Page:Popular Science Monthly Volume 43.djvu/157

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JUNE, 1893.



A MOST vital change is going on in the region west of central Kansas—a change which will in the near future profoundly affect many if not all classes of agriculturists in other American States, and incidentally in Europe also. I refer to the change that has been brought about by the success of private irrigation enterprises, by important alterations in the laws respecting irrigation, by district irrigation under such laws, and by the steady growth of a public sentiment favorable to the irrigator, even when his necessities override ancient precedent.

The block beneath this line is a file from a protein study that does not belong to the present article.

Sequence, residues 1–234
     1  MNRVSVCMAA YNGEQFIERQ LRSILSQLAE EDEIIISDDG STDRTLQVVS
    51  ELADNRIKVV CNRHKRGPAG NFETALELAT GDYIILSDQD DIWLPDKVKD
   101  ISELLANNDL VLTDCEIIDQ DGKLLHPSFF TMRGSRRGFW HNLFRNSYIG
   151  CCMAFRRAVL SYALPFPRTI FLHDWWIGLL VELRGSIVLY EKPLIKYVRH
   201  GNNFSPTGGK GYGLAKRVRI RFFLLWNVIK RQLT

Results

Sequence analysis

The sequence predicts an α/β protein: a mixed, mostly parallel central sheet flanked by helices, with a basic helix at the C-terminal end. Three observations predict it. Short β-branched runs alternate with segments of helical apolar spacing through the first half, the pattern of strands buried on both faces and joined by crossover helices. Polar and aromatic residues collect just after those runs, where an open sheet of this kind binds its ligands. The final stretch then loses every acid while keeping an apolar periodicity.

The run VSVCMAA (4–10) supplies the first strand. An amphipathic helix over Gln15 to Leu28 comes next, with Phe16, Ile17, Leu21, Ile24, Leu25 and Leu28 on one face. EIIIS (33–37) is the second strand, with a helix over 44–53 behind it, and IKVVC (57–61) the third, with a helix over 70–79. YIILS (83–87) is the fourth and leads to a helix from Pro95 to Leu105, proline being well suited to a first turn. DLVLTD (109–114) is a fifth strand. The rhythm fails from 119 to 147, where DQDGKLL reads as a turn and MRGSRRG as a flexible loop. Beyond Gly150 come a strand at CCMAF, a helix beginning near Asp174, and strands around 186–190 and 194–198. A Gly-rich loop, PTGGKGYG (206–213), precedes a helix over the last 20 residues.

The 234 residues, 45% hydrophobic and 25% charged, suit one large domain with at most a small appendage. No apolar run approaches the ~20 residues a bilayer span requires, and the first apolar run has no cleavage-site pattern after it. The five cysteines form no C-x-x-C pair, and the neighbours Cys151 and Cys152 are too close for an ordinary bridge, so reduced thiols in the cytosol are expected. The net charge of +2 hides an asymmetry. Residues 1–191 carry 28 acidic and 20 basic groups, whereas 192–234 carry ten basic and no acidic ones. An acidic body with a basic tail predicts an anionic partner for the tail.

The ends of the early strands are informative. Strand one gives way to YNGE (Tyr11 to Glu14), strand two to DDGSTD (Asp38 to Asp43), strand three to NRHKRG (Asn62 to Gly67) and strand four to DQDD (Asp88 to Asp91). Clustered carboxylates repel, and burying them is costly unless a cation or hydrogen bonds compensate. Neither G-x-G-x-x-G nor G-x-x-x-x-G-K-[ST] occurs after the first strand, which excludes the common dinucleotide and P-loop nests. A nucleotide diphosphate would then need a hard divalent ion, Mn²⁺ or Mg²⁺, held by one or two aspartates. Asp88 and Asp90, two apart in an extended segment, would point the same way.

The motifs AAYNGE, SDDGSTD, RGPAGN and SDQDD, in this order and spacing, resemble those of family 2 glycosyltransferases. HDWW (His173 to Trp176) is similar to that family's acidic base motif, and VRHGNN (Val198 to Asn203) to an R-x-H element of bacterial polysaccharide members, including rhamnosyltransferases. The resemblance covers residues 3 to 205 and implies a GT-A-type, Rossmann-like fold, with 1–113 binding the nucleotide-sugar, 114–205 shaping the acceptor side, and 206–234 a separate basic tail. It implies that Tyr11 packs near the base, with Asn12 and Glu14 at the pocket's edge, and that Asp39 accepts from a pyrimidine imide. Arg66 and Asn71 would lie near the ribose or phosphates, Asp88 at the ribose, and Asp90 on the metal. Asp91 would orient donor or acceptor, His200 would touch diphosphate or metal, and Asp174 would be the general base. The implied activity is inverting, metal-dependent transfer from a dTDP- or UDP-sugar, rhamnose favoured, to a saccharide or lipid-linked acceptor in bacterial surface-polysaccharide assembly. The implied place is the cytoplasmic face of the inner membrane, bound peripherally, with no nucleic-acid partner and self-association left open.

It is my purpose in this article to give, as far as may be, a faithful and conservative account of the present condition of arid land irrigation enterprises. My account will be statistical as far as acreage, flow of water, cost of construction, and similar items; it will be descriptive, and largely from personal knowledge, as regards practical methods and their results. The entire subject, it seems to me, possesses an immeasurable interest for farmers elsewhere, and for all who are in any way dependent upon the farming class. Successful irrigation upon a large scale introduces, it is true, a new kind of competition, but it also urges intelligent farmers to adopt improver! methods of farming in their own defense, and often leads them to apply the water of neglected streams upon their lands. Even the general reader is often interested in discussions upon farm mortgages, farm rents, wages of laborers, taxes on crops, cost of fertilizers, and similar agricultural problems of the present time, because he has learned that they affect his own welfare. Much broader is the application of arid-land irrigation to every occupation and industry. America